Satan’s Plan “B”: Kill the Saints
In verses 13-17, Satan turns his fury toward the woman and her children, “those who keep the commandments of God and hold on to the testimony of Jesus.” The chronology is a bit fuzzy here. Many interpreters connect to flight of the woman with the flight of those in Judea who are told to head for the hills in Matthew 24 after the Abomination of Desolation. The time, times and a half a time of verse 14, or the 1260 days of verse 6 are literally the last three and a half years before the return of Christ. Others argue that the context implies that these numbers are symbolic, encompassing the entire church age.
In either case, nearly everyone agrees that the intensity of the warfare Satan wages against the saints, ramps up as the time of the end draws near. Chapters 13 and 14 refer to that period that Jesus referred to as the great tribulation. During this time there is organized, intense, persecution of those who follow Jesus. The persecution is so intense that both chapters include the phrase, “Here is a call for the endurance of the saints.”
The primary instruments of Satan’s strategic plan are government and religion. These are symbolized by two beasts which emerge out of the sea of humanity. The first beast represents a powerful political leader to whom is given great power and authority by the dragon. People are so captivated by the power this leader possesses that they worship him, saying in verse 4, “Who is like the beast, and who can fight against it?” This leader exercises his authority throughout the time of Satan’s attack and he wields power of the sword over all nations: (13:7-8) Also it was allowed to make war on the saints and to conquer them. And authority was given it over every tribe and people and language and nation,and all who dwell on earth will worship it, everyone whose name has not been written before the foundation of the world in the book of life of the Lamb that was slain.
The second beast, seems to be a sort of spiritual leader, a false prophet, who again seems to be demonically empowered to make the inhabitants of the earth worship the political leader. Somehow, the religious and political systems are melded together, so that every aspect of society is tied together into the worship of the anti-Christ. This will be a time of suffering for the saints, as they will be forced underground and unable to participate in the economic systems of the day.
This is Satan’s strategy. He has employed it before in this world, and he will employ it again before the end. If he cannot kill the son, he will attempt to kill his servants. He will literally declare war on the saints of God and seek to eradicate them through political and religious means.
Again, in the chapters to follow, we see the same framework unfold that we looked at last week. In revelation 14-20 we get the same basic outline – we’ve talked about the great tribulation, but in Chapter 14 we see Jesus calling for his saints to endure, before he comes in the clouds to harvest his elect from the earth before pouring out his wrath. Finally in chapter 20 he ushers in his kingdom. While it is the same basic timeline, the perspective changes each time. Mathew focuses on the signs that will precede his coming. Revelation 6-11 focus on the events from the perspective of the throne room of God. Now in this section, we are seeing the events from the perspective of earth and spiritual warfare, so the focus is on the tribulation, wrath, and kingdom.
Whereas last week, the perspective in heaven was as a king being heralded as he comes into his kingdom, in chapters 15 and 16 God’s wrath is pictured as being stored up in seven bowls that are poured out upon the world – upon those who have worshipped the beast. The theme of the next few chapters is retribution.
Rev 16:5-6: And I heard the angel in charge of the waters say,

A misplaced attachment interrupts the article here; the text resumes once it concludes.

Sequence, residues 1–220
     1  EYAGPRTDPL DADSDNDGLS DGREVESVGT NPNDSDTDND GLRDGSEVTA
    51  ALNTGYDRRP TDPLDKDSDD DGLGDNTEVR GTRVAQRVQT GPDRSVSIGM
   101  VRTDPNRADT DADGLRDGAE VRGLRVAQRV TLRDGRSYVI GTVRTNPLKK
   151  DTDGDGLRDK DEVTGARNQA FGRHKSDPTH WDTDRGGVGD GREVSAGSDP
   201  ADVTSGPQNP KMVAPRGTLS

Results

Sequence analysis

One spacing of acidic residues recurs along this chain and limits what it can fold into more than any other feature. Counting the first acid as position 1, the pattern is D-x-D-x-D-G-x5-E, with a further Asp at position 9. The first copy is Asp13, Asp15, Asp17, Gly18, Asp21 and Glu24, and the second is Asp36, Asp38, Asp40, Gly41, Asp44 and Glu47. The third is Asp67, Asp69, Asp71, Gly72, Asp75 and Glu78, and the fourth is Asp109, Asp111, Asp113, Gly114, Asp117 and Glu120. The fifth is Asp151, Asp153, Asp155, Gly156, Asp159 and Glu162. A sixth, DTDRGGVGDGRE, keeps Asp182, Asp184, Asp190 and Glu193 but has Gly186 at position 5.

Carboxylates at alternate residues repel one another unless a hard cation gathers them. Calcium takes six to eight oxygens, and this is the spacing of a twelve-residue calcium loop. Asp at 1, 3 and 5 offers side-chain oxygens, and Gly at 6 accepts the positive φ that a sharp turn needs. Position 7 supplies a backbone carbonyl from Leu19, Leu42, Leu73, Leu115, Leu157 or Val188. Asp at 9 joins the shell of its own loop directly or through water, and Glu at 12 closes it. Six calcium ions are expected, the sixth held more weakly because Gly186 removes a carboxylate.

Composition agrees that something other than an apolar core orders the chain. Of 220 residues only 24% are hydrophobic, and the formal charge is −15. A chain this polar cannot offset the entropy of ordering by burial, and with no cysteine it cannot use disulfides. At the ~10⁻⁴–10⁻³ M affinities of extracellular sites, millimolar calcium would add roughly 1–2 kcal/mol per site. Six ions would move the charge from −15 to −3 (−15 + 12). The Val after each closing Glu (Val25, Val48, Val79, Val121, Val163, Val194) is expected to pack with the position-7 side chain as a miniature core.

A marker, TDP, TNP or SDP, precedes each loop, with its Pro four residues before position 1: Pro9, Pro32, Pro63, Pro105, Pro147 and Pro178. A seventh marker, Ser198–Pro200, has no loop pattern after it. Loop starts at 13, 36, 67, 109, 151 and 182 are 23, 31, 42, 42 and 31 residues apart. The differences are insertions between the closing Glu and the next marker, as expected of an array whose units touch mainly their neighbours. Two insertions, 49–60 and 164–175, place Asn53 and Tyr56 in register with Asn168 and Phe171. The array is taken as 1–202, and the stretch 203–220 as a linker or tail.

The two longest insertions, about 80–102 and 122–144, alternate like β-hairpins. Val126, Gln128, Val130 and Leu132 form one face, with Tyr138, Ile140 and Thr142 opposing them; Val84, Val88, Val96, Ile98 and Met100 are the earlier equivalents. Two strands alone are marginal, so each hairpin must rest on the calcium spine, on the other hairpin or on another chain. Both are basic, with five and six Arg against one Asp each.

“Just are you, O Holy One, who is and who was, for you brought these judgments.
For they have shed the blood of saints and prophets, and you have given them blood to drink. It is what they deserve!” And I heard the altar saying, “Yes, the Lord God Almighty, true and just are your judgments.”
Rev 18:6: Pay her back as she herself has paid back others, and repay her double for her deeds;mix a double portion for her in the cup she mixed.
Rev 19:1-3 After this I heard what seemed to be the loud voice of a great multitude in heaven, crying out,“Hallelujah! Salvation and glory and power belong to our God,
for his judgments are true and just;for he has judged the great prostitute who corrupted the earth with her immorality,and has avenged on her the blood of his servants.”
As we will look at more closely next week, Jesus will return, conquer the dragon and his two beasts and begin his reign. He will repay those who have waged war against him and against his sons and daughters.
What does this all mean?
1) Spiritual warfare is more tangible than you once thought. We talked this summer about how we struggle against the world, the flesh and the devil. For most of us the struggle in inward – battling the temptation of the world while metaphorically putting the flesh to death. However, the spiritual warfare talked about in the book of revelation is direct and deadly. Being a follower of Jesus is not some sort of game, or some sort of lifestyle choice in which you can go halfway in. During times of warfare, you’re either all in or you’re out.
2) The Saints are called to endure and to wait, NOT to fight. There are to be no Christian terrorists or freedom fighters. Spiritual warfare, even of the direct persecution type, is not fought with weapons of flesh and blood.
Bless those who persecute you; bless and do not curse them. Rejoice with those who rejoice, weep with those who weep. Live in harmony with one another. Do not be haughty, but associate with the lowly. Never be conceited. Repay no one evil for evil, but give thought to do what is honorable in the sight of all. If possible, so far as it depends on you, live peaceably with all. Beloved, never avenge yourselves, but leave it to the wrath of God, for it is written, “Vengeance is mine, I will repay, says the Lord.” To the contrary, “if your enemy is hungry, feed him; if he is thirsty, give him something to drink; for by so doing you will heap burning coals on his head.” Do not be overcome by evil, but overcome evil with good.